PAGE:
On Screen Time
Whenever I post a comment this long somewhere, I feel obligated to turn it into a blog entry; on G+, Liz Henry was asking (with some bewilderment) about why parents would restrict their children's screen time. Would they restrict access to books?
I am in the very funny position on this of, in principle, being, on the one hand, very skeptical of the lionizing of literature vs. demonization of computer games and believing that computers have revolutionized human life for the better, that they give us superpowers...
And, at the same time, I parent in a household that imposes pretty draconian limits on screen time; for the 7 year old, the basic standard is an hour a day max, and for the 11 year old it's 5 hours a week max (if this seems paradoxical, it's because the 5 hours is totally self-regulated, measured login-to-logoff, and she makes damn sure she gets it, while the 1 hour per day is theoretical and includes lots of "pausing the timer because I am just searching, not playing"). There's then a raft of specific exceptions: extra time for email and blogging or otherwise using the computer as a communications tool, unlimited extra time for homework (and I could be sold on including not-actually-assigned research projects in this category), and liberal exceptions tied to the level of violence in the family (in other words, when nobody is hitting anybody we are "on green" and exceptions are liberal; in the event of fisticuffs we go to yellow, orange or red and strictly enforce rules on, and then further restrict, screen time, sugar, and bedtimes).
Also, I do not just have screen time restrictions for my kids. I have screen time restrictions for me. I do not get on the computer after 7pm (except when day-job work demands my staying late; never at home). I do not get on the computer at home if I am more than 9 chores behind on the (competitive, cumulative, me vs. my wife) chore list. I lock myself out of internet access on all portable computing equipment -- laptop, iphone -- when out of the house. We don't own a TV, and when I have a hankering for an installed client-side computer game, I rent one (every few years) from the library for a month. Although I don't restrict my kid's book time, I do restrict my own; if I'm more than 25 behind on the chore list I don't read at home. (If I'm more than 40 behind I don't play the guitar).
It's hard to know if I'm doing the right thing by my kids in restricting screen time; I go back and forth. It's much easier to tell that I'm doing the right thing by restricting screen time for me -- my life has been made immeasurably better by these rules.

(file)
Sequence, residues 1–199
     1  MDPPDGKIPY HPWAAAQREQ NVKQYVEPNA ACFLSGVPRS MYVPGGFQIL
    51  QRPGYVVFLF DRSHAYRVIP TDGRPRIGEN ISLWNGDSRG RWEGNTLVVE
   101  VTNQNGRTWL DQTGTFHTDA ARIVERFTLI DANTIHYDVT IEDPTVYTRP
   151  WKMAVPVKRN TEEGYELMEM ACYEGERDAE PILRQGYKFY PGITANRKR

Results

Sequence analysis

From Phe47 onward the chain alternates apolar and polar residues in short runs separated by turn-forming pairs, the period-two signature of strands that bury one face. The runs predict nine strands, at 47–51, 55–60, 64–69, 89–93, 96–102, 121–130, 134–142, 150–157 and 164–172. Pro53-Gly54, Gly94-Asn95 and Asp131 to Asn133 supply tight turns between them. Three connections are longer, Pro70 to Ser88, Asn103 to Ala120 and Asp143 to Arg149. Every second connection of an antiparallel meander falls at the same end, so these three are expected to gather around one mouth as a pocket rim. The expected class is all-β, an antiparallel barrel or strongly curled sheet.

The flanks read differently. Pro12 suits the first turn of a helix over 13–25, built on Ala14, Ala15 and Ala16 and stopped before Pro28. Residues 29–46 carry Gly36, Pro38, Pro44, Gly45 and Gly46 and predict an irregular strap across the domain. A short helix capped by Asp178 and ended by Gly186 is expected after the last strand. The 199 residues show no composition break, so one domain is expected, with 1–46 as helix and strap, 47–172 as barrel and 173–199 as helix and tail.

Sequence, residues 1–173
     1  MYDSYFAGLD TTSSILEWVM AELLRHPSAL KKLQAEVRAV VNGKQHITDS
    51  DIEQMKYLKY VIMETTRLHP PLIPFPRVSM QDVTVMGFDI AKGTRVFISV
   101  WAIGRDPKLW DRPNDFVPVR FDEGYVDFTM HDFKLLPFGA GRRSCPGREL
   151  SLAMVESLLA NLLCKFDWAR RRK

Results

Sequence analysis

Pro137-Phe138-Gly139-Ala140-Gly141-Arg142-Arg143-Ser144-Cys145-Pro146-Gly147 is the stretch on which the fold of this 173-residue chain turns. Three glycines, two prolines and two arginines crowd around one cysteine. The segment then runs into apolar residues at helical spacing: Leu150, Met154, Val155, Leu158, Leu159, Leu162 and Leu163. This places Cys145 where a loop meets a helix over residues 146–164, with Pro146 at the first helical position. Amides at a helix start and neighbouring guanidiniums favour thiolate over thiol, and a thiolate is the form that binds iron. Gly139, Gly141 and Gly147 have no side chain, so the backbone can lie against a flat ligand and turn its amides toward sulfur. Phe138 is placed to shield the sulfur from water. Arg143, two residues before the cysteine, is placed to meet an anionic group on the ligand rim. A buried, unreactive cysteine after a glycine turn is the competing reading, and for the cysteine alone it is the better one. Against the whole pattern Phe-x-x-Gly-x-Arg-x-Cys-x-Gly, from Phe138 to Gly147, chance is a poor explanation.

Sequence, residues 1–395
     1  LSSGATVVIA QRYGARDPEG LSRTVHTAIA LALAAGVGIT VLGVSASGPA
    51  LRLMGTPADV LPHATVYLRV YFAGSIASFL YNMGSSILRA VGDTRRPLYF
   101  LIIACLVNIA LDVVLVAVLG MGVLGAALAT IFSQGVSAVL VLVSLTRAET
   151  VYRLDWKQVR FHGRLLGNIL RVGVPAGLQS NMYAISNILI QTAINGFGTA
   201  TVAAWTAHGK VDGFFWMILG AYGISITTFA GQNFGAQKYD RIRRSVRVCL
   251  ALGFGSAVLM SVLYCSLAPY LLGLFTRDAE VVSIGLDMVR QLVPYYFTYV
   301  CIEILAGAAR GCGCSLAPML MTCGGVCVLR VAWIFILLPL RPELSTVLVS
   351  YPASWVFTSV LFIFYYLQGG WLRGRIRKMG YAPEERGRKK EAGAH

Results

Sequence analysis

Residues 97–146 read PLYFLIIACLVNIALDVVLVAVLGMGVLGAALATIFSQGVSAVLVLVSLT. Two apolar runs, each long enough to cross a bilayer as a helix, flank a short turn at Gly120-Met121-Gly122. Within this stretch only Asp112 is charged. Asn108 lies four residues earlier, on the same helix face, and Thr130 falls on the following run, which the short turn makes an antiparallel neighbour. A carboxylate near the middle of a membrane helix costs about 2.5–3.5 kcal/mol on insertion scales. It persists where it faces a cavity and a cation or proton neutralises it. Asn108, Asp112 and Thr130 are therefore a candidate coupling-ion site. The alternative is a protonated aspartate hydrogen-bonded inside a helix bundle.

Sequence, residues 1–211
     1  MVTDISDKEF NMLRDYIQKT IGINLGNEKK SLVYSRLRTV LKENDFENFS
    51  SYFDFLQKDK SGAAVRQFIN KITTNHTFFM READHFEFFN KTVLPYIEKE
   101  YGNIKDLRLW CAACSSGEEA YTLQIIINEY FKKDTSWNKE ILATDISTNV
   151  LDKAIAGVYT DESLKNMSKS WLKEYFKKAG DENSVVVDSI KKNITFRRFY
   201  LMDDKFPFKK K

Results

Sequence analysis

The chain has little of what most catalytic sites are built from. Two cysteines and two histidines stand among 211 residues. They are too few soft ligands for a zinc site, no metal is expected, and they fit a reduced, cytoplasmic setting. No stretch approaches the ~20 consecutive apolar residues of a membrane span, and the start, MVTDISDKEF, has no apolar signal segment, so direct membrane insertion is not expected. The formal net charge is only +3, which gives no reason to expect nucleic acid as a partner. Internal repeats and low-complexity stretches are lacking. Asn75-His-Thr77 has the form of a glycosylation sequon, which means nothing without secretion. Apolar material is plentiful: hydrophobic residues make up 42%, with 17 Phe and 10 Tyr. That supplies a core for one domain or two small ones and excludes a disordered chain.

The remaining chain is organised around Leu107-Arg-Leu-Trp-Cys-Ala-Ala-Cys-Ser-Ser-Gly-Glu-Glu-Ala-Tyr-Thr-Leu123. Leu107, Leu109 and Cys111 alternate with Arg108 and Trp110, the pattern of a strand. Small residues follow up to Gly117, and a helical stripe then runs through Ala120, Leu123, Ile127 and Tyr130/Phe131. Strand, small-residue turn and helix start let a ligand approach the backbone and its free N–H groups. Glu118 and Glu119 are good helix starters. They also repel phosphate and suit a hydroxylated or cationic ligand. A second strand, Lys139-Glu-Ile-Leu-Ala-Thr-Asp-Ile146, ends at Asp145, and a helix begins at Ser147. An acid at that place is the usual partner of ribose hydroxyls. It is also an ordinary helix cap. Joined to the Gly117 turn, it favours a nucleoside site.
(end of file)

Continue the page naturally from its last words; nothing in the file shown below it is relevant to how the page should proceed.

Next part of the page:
It's also worth noting that our household is driven by a lot of consensus-based negotiation, and the screen time rules were worked out, in discussion, between us and the kids. They aren't purely coercively imposed by fiat; the kids have suggested and successfully argued for changes in the rules, and they'll continue to change over time. These are rules the kids said yes to; they know how to say no. That said, the kids would surely want to have way more screen time if they could simply overrule us. Consensus cuts both ways. [Actually I was wrong about this: see update at the end.]
Part of what's going on is cultural difference. I live in Switzerland. It's not so much that the Swiss relate to technology differently, as that they relate to time, and public and private spheres, differently. Offices are very high-tech; homes are very old-timey. There is a time for each kind of activity. Being online at 3 in the morning is wrong; so is shopping at 3 in the morning. I don't know if this way of life is good or bad; what it is, is, in a modern incarnation, Sabbatarian. It was one of the things I hated most about Switzerland when I first came here, twenty years ago, with my American sense of "god damn it, I want to buy it NOW." It's one of the things I've come to cherish most about life here.
Another piece of this is that while "computers are evil and totally different from books" is absurd, so is "computers are access to information; books are access to information; thus computers=books." It turns out that the shift from horses to cars does require some different traffic rules; same with the shift from painting to cameras -- it's possible to fall asleep and find that your one night-stand has painted your nude portrait, made a lithograph thereof, and posted it as flysheets all around the town, and that may be distressing, but it's not quite the same thing as the modern equivalent. Indeed, much was lost in the transition from oral narrative to text; there's something to be said, perhaps, for camping trips with few books taken along, for reawakening the spirit of storytelling.